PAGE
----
Media Release
Wednesday June 17th 2020

Equality advocates have launched a new declaration for doctors, nurses and other medical professionals who want the current gay, bisexual and transgender blood donor bans replaced by individual risk assessment for all donors (Link here:

The declaration, launched by just.equal, has already been signed by over seventy medical professionals.
The launch has been accompanied by a new video of Australian gay doctor, Nick McIntosh, explaining why he signed the declaration (embed link below).
Just.equal spokesperson, Rodney Croome, urged medical professionals to sign the declaration.

"Research from countries that moved from banning gay, bisexual and transgender donors to individual risk assessment clearly shows the blood supply is safer, more plentiful and less discriminatory as a result."

"I urge medical professionals who support a better blood donation policy for Australia to sign the declaration."

"We will present the declaration to Australia's health ministers, as their part of their current consideration of the changes to blood donor policy."

In the new video, Dr Nick McIntosh says the current bans allow "outdated prejudices (to) get in the way of a safe and plentiful supply of blood", and calls on the authorities to allow him and other gay Australians to "give the gift of life".
The full text is here:

As a doctor I'm dedicated to saving lives but as a gay man I can't give blood.

I want to see the current gay blood ban lifted and replaced with individual risk assessment for all potential blood donors.

The science shows us that this would make the blood supply safer, and it would mean there'll be more blood available to save lives.

I don't like being stigmatised as a threat to public health. Who would?

But most of all I don't like to see outdated prejudices get in the way of a safe and plentiful supply of blood.

Let me and other gay Australians give the gift of life.

In April, in response to the COVID-19 pandemic, the Therapeutic Goods Administration announced the current celibacy period for gay, bisexual and transgender donors would be reduced from twelve months to three, a change all Australian health ministers are consulted on.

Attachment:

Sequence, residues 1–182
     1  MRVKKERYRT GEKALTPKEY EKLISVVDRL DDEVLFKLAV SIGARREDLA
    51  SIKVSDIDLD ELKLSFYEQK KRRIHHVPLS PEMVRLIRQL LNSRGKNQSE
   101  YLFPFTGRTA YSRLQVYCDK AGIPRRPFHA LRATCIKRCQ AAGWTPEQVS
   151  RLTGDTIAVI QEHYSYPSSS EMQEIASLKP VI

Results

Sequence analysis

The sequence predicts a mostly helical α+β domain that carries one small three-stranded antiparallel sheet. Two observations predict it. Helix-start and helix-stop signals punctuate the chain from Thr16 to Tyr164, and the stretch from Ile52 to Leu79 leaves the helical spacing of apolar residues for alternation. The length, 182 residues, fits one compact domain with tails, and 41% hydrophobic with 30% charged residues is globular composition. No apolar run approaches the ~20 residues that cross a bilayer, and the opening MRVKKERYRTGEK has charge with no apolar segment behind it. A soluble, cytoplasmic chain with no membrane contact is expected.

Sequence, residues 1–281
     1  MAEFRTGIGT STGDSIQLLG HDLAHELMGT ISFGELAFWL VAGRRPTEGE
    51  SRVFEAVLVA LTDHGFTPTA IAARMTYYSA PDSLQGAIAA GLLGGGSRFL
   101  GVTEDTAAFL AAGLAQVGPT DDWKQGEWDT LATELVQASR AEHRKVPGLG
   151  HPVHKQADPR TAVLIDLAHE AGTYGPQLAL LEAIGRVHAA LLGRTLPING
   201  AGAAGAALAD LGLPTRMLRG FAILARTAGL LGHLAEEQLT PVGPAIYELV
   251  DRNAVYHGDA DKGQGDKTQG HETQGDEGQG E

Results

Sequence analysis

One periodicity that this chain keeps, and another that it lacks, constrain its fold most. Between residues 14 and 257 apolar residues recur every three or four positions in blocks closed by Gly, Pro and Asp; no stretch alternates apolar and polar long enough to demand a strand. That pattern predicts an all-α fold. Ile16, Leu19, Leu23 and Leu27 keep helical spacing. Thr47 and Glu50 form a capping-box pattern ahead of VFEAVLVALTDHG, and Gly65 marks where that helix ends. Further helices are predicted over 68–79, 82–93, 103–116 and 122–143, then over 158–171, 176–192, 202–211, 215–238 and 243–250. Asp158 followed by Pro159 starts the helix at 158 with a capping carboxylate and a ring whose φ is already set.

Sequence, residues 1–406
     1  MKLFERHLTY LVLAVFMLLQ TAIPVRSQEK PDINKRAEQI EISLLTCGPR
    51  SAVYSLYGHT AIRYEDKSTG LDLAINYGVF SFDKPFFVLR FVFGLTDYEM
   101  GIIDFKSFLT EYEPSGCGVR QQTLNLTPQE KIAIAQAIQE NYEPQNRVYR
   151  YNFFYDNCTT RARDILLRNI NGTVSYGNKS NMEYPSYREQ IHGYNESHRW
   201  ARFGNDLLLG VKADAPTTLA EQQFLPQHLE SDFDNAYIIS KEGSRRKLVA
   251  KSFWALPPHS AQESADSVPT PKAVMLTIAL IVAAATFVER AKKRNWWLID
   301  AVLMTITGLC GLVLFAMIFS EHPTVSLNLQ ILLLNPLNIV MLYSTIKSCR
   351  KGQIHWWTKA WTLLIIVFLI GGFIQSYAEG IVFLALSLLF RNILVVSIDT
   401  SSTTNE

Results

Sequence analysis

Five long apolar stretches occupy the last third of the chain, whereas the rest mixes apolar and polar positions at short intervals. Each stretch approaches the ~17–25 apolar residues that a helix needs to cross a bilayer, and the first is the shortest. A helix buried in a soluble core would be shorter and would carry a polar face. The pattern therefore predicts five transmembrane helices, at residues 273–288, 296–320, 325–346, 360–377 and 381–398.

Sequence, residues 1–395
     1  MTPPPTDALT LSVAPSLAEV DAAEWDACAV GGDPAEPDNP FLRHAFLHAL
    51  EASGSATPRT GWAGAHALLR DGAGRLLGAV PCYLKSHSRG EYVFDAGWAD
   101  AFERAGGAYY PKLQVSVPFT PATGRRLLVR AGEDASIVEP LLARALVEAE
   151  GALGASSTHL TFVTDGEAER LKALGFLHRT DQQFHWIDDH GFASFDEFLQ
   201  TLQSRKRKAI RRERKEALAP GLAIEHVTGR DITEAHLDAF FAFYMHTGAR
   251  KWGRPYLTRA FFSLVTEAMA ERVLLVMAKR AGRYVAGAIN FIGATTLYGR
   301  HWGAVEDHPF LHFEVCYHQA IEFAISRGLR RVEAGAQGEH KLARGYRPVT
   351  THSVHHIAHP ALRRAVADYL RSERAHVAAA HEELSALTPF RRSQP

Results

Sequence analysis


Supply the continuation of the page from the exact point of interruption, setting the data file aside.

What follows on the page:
Following a letter writing campaign auspiced jointly by just.equal and PFLAG, which has already seen 5000 emails sent to the nation's health ministers, three health ministers have asked their respective departments to consider individual risk assessment, the ACT, West Australia and Tasmania.

Mr Croome dismissed the proposed three month celibacy period as window dressing.

"Forcing gay, bisexual and trsansgender people to be celibate for three months before they can donate blood does not increase the supply of safe blood and contnues to stimgatise us as a threat to public health."

"Only fear and prejudice stop Australia moving to individual risk assessment."
The movement for blood donor reform has grown significantly in recent months.
U.S. LGBTIQ advocacy organisation, GLAAD, has released declarations from medical professionals and politicians in support of reform, and UK group, Freedom to Donate, has also released a statement supporting reform from British politicians.
At the same time, Hungary and Brasil have joined the growing list of countries that have replaced the ban on gay blood donation with individual risk assessment.
The declaration can be found here:
For Dr Nick McIntosh's video on YouTube:
For the video on Facebook:
Here's the link to embed the video on your site:
<iframe src="" width="560" height="315" style="border:none;overflow:hidden" scrolling="no" frameborder="0" allowTransparency="true" allowFullScreen="true"></iframe>
The letter-writing campaign can be found here:
For a copy of this statement on the web, click here
For more information, or to speak to Dr McIntosh, contact Rodney Croome on 0409 010 668.